Atlanta Probate Lawyer

Atlanta Attorney Representation For Over 40 Years


Presented by
Sharon L. Rowen, Esq.
Rowen & Klonoski, P.C.
133 Peachtree Street, Ste. 4800
Atlanta, Georgia 30303
(404) 523 2844

Atlanta Attorney Sharon Rowen is a frequent speaker at Georgia Continuing Legal Education Seminars for Georgia Estate and Probate lawyers. The following is a small part of a probate law paper written for the September, 2004 National Business Institute Probate Lawyer Seminar in Atlanta, Georgia. Though intended for the practicing Georgia probate attorney, non lawyers may find answers to some basic questions regarding Georgia probate law on heirs and beneficiaries.


Probate and Estate Home Page
Simple Will Questionnaire
Georgia Probate and Estate Checklist
For the Georgia Probate Attorney
Out of the State of Georgia Probate Issues
Out of the State of Georgia Decedent with Property in Georgia
2006 Contingency Fee Contracts with Minor Clients

The rules of inheritance when a decedent dies without a will are set forth in OCGA 53-2-1 et seq. The rules can be summarized as follows:

__ 1. If there is a spouse and no children, the spouse is the sole heir.
__ 2. If there are children, the spouse shares equally with the children, per stirpes, but the spouse's portion shall not be less than a one third share.
__ 3. Children of the decedent, per stirpes.
__ 4. Parents of the decedent.
__ 5. Siblings of the decedent, per stirpes.
__ 6. If no siblings survive, nieces and nephews, per stirpes.
__ 7. Grandparents.
__ 8. Uncles and aunts per stirpes.
__ 9. If no uncles or aunts survive, then first cousins who survive the decedent.
__10.The more remote degrees of kinship are determined by a formula set out in the code section.OCGA 53 2 3 sets forth the rules for inheritance by children born out of wedlock. In short, a child born out of wedlock inherits from the mother, but only inherits from the father if one of a list of conditions are met, or if there is other clear and convincing evidence that the child is the child of the father. Conversely, OCGA 53 2 4 sets forth the rules for inheritance from children born out of wedlock. The identity or interest of any heir may be resolved judicially by the court, after the filing of a petition by any interested party.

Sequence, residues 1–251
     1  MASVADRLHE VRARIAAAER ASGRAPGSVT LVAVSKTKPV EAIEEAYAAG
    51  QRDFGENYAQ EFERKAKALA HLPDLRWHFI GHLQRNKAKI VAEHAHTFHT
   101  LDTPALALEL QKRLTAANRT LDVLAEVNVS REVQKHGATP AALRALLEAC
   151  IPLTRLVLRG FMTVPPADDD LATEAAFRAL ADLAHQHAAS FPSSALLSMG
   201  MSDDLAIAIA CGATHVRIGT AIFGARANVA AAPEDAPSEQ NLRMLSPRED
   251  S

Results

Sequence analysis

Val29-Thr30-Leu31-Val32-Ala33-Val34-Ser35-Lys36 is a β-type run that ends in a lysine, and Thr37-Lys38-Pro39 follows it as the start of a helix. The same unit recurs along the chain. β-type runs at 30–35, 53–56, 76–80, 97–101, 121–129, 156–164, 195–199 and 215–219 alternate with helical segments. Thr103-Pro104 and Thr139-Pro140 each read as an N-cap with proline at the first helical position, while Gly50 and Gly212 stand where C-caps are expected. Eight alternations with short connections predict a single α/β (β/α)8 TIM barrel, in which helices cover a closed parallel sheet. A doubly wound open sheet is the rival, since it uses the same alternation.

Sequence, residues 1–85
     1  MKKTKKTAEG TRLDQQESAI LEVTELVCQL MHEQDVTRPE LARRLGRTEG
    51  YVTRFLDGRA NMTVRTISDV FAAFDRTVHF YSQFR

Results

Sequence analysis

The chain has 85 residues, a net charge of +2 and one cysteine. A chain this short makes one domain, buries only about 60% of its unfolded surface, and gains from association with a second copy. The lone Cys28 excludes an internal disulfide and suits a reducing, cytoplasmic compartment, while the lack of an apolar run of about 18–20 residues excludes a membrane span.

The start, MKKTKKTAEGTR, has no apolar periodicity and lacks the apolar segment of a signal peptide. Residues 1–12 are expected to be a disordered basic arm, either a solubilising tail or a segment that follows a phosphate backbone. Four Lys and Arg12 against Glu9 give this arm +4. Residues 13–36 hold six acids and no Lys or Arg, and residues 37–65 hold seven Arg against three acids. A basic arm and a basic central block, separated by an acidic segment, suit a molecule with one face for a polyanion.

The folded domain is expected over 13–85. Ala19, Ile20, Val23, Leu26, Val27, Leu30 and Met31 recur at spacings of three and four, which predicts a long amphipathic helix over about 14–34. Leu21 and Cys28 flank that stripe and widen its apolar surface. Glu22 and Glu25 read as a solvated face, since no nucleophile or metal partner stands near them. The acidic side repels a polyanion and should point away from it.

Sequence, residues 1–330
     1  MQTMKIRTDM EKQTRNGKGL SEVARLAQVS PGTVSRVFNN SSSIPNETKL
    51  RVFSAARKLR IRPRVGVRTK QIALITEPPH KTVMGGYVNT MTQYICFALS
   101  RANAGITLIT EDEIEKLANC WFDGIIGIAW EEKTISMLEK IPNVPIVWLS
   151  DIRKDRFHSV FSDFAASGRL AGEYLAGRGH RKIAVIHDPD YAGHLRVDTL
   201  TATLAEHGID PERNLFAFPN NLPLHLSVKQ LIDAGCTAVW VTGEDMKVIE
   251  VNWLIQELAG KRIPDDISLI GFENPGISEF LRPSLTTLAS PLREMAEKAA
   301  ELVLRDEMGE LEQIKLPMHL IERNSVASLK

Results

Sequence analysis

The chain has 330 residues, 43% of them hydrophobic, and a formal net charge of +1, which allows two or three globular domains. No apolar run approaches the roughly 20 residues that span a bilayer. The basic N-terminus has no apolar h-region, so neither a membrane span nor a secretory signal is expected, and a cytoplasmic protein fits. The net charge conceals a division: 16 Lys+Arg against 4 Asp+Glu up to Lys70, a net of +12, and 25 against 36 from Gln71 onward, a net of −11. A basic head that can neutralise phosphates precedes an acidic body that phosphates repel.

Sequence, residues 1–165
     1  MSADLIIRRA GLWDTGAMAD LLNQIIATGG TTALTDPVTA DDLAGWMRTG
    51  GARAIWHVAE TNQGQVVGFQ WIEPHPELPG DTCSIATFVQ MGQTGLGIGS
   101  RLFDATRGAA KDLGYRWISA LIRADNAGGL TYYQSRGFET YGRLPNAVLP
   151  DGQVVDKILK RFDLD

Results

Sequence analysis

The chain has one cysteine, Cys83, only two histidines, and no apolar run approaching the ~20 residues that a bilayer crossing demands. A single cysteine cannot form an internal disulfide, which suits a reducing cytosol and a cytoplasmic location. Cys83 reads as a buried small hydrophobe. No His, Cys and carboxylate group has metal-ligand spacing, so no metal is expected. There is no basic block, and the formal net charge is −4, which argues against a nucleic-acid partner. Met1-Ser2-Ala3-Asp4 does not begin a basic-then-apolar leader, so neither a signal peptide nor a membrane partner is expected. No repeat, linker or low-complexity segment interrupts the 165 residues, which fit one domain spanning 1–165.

Other factors which may be relevant in determination of heirs or beneficiaries:

__ 1. It must be determined that the will that is found has not been changed or revoked by the testator or by operation of law prior to the testator's death. A will may be changed or revoked by the testator at any time prior to the testator's death. OCGA 53-4-40.

__ 2. A will is revoked as a matter of law by the subsequent marriage of the testator, by the birth of a child to the testator, including a posthumous child born within 10 months of the testator's death, or the adoption of a child by the testator subsequent to the making of a will in which no provision is made in contemplation of such event. OCGA 53-4-48.

__ 3. All provisions of a will made prior to a testator's divorce in which no provision is made in contemplation of such an event shall take effect as if the former spouse had predeceased the testator. However, if the testator divorces and then remarries the same spouse, then the revoked will is revived. OCGA 53-4-55.


OCGA 53-5-22(b) lists the notice requirements for probate in solemn form. This includes notice to:

Each beneficiary;

Who has a present interest, including but not limited to a vested remainder interest but not including trust beneficiaries where there is a trustee; and

Whose identity and whereabouts are known or may be determined by reasonable diligence;

The duly acting guardian of each individual beneficiary with a present interest or power,

other than a mere trust beneficiary, who is not sui juris; and Each trustee.

These notice requirements may, under certain conditions and upon motion, be modified by the probate court. Notice of a petition for letters of administration shall be mailed by first class mail to each heir with a known address at least 13 days prior to the date on or before which any objection is required to be filed.

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